Although Ferrera is putting in the work for more Latinx representation onscreen, the Television Academy still has a long way to go when it comes to recognizing Latinx talent. Unfortunately, the only Latino person nominated for an Emmy this year was Argentine-Mexican actress Alexis Bledel for her work in “The Handmaid’s Tale”.
Here’s to hoping that Latinos like America Ferrera will continue to make their voices heard, giving inspiration to little brown girls everywhere who want nothing more than to see themselves onscreen.
Renata Bresciani may not be a household name just yet, but it’s only a matter of time before this self-proclaimed “multipassionate entrepreneur” takes over the world. Born in Miami, Florida to parents who immigrated from Chili, Renata Bresciani (who goes by “Miss Renata” to fans) was destined to be an artist and an entertainer. As Miss Renata describes it, dancing was her gateway drug into the entertainment industry. Soon enough, Miss Renata was becoming the definition of a multi-hyphenate business woman, dipping her toe in everything from pin up modeling, acting, fashion blogging, and owning a street-wear brand.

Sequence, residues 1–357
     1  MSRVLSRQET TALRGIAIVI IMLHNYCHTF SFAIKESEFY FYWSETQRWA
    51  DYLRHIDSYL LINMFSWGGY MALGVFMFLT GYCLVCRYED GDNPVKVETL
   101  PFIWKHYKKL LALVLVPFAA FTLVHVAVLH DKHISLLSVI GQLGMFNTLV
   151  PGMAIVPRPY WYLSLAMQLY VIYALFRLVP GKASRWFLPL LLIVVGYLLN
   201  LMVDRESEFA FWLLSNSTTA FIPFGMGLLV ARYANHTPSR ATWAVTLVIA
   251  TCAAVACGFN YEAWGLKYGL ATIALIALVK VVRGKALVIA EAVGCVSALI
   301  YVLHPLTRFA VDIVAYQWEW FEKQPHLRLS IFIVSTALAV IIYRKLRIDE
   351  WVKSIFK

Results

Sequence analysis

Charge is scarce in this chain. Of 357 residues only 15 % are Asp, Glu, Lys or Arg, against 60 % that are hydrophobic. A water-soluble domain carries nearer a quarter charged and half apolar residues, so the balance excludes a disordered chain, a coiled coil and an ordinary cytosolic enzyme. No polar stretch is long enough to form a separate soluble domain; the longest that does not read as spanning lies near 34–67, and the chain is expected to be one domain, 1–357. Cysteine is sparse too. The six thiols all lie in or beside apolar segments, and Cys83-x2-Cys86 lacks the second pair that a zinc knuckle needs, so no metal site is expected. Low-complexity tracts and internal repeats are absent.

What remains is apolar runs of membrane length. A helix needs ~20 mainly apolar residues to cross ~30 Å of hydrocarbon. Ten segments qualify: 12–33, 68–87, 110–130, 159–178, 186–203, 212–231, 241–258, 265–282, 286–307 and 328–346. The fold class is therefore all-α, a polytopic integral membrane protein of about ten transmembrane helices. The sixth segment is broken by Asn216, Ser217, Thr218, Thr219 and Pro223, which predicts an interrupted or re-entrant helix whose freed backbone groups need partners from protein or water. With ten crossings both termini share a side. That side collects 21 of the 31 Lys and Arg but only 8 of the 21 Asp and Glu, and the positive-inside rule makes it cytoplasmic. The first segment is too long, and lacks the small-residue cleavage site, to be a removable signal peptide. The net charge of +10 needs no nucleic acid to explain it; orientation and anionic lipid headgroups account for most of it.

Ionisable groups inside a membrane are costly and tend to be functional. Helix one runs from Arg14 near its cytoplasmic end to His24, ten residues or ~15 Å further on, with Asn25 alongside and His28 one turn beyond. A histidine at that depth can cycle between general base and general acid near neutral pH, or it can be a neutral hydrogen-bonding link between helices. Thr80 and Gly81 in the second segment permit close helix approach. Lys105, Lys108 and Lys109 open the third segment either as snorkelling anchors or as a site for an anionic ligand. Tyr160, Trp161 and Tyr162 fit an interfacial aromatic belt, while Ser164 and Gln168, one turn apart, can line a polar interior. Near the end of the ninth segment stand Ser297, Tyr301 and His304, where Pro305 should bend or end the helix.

As for what drives her to be constantly creative, leaving others in the dust? “I like to say that I have the ‘performance gene’,” she says. We couldn’t agree more. Recently, we were lucky enough to talk to Miss Renata about her personal style, combating harmful Latino stereotypes in the media, and drawing inspiration from Old Hollywood icons.
Mitú (M):How long did it take you to develop your personal style? Were you always interested in the “pin-up” look?